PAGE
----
Missouri River Winter Nymph Fishing Success: Shane’s Top 3 Tips

Missouri River Winter Nymph Fishing Success

Shane again with today’s Headhunter’s blog post. We’re starting to see some more consistent warmish weather roll in, and it’s definitely bringing people to the river. I was able to get out last week and do some fishing with my wife, Kelli, and we had some good nymph fishing in that typical but reliable winter nymph water.

But, what is that?

I don’t want to say slow and boring because once you’re in it the angler soon finds that it is far from boring, but that is exactly the water type you’re looking for. Think the opposite of summer. The takes were subtle, but with a few pointers, Kelli was able to understand that subtlety and what she was looking for. So with winter water temps still present, warmer days on the horizon here are my three pointers for increased winter nymphing success.

Shane’s Top 3 Tips to Missouri River Nymphing Success

  1. Look for the right water. Slow inside bends with depth. If you’re on the straight aways, look for the tanky buckets or the ledges in the soft water. Once you find one fish, more should follow. Push through any summer type water or let it roll and see what happens. But the goal in mind is to get through it. We did get some in the fast(ish) stuff, but be aware that that is not th primary type of water you are looking for. Don’t get hung up on that speed! Move through it.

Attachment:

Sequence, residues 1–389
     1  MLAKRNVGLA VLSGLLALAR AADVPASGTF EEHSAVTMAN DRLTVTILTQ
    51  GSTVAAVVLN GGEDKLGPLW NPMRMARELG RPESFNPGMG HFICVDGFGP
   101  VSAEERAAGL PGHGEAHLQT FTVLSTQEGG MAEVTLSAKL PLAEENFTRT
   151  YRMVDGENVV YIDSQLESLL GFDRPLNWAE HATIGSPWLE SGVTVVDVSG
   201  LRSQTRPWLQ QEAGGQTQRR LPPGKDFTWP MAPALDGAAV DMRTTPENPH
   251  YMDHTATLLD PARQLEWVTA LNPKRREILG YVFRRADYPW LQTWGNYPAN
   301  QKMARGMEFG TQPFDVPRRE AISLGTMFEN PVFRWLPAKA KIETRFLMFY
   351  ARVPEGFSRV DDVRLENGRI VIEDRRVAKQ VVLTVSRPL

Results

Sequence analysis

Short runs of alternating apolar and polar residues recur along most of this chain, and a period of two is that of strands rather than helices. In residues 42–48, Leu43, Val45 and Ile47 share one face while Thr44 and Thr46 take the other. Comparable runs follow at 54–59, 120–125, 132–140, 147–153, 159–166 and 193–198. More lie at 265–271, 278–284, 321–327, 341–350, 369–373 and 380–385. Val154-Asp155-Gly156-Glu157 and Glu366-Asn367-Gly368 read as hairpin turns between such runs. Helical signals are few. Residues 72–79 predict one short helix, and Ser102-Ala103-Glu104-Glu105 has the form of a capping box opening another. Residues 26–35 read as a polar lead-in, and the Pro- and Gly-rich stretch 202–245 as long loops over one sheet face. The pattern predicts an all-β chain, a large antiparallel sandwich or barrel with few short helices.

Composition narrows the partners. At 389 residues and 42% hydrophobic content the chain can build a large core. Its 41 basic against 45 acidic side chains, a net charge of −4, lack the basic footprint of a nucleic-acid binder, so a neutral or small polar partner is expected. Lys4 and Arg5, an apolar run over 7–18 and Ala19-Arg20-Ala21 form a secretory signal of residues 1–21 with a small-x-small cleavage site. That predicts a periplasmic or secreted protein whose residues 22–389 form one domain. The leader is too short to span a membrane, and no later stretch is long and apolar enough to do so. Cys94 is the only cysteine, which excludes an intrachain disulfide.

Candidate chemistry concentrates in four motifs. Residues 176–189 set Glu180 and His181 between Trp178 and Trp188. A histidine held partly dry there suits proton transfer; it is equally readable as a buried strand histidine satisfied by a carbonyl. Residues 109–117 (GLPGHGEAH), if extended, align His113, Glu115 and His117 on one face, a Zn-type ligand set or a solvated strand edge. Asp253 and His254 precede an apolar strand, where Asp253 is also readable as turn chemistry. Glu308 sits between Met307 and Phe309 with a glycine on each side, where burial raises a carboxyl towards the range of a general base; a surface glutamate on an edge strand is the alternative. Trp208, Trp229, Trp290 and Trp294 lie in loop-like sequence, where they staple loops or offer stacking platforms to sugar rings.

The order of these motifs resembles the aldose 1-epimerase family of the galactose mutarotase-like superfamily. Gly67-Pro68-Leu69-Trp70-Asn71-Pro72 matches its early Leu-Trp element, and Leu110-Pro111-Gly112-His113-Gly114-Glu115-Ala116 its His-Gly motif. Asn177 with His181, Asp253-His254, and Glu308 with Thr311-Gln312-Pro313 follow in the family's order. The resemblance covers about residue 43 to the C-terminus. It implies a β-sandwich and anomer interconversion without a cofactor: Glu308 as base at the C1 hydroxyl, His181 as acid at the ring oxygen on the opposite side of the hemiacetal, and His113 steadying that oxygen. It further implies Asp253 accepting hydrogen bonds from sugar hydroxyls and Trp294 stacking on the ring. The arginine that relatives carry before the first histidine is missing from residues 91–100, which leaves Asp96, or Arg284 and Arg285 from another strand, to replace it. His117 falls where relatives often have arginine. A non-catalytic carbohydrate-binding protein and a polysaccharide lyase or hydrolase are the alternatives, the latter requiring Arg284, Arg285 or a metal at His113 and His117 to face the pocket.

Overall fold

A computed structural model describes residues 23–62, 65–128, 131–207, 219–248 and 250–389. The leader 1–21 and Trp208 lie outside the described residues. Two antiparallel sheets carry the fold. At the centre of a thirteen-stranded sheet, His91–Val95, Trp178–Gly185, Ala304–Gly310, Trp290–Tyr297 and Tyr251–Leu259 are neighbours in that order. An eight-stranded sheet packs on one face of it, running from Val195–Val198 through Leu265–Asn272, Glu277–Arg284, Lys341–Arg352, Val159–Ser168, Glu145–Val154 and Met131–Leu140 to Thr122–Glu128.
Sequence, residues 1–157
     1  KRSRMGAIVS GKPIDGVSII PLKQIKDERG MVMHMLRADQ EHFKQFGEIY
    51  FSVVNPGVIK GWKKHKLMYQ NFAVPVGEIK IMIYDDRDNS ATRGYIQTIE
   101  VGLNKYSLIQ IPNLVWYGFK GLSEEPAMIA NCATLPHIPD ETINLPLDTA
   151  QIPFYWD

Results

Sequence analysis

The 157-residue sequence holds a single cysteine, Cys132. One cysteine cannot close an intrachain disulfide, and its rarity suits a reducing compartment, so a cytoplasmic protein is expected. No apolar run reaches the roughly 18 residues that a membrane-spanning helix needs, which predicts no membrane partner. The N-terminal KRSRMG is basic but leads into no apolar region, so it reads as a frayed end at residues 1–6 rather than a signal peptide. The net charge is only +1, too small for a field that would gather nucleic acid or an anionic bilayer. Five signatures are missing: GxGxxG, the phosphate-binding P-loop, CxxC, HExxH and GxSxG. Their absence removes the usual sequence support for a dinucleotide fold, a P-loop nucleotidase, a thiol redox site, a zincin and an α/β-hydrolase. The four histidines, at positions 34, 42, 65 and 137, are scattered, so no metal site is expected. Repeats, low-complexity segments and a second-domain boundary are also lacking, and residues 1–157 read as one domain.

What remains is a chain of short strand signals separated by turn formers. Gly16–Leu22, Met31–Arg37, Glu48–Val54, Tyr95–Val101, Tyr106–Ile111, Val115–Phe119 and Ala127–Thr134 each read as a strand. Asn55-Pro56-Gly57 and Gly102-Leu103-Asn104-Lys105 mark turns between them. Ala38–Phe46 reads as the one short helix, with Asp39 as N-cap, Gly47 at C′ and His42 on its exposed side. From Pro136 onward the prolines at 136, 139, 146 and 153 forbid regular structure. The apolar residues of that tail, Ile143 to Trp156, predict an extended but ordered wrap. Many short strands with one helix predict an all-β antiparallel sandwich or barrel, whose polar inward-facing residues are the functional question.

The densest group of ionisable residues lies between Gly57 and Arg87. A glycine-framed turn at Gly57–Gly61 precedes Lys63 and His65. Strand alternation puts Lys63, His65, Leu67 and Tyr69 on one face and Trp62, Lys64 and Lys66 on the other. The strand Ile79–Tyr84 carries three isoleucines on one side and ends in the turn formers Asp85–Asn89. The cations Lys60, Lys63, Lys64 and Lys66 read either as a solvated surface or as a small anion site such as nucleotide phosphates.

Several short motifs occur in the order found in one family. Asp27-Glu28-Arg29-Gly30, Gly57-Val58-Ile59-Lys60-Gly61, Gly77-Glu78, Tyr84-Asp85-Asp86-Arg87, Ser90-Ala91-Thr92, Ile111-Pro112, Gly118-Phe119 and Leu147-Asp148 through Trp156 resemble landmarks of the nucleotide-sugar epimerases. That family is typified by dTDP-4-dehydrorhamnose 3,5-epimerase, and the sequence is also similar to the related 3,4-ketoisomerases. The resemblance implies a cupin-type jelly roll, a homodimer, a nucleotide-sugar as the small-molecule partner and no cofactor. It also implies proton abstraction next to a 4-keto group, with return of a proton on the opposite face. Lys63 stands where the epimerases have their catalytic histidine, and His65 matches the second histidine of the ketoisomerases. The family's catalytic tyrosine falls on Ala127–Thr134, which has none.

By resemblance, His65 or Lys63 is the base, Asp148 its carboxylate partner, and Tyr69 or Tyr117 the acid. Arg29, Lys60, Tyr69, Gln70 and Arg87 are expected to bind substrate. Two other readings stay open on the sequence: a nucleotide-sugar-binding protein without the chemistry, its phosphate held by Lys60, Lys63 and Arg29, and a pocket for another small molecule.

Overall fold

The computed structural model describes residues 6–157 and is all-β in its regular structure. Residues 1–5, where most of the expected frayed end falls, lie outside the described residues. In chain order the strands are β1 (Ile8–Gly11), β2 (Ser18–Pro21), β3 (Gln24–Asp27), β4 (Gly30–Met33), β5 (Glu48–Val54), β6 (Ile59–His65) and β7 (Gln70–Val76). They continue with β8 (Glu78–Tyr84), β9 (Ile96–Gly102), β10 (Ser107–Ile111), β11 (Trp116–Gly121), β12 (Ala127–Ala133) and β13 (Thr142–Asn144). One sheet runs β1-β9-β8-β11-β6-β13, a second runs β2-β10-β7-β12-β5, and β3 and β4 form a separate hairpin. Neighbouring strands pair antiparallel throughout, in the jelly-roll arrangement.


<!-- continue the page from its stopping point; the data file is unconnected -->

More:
2. Think Deep. I think depth is the next crucial aspect of the winter nymph game. Deep! In anticipation of writing this, I actually measured the depth of the rig we were using, as I normally eye ball it and step it off in one foot increments. I wanted to see exactly how close I was, and I wanted to be 7 feet to split. Actual measurement was 81 inches bobber to split with an overall depth of 9 feet. In short, I want to be 6 to 7 feet to split; however, because of the water type you’re fishing split is optional. Just have 8 to 9 feet of total depth from indicator.
  3. Lead your bobber. Once you think you’ve found the water and the depth is right, wait for the subtle eat. To increase your chances of detecting the eat, lead the bobber with a slight amount of tension on the fly line. While the completely drag free drift is not a bad thing, sometimes in winter it is better to have a slight amount of fly line leading or on the downstream side of the indicator, about 12-16 inches will do. Mend accordingly, just leave that little loop.

These are a few tips that I keep in mind when winter nymphing. If you are not getting them to eat the fly, look at these components of the game. One of them may be out of whack. Adjust accordingly for the water type, the depth, and your drift.

When these things come together, get your net!

 

 

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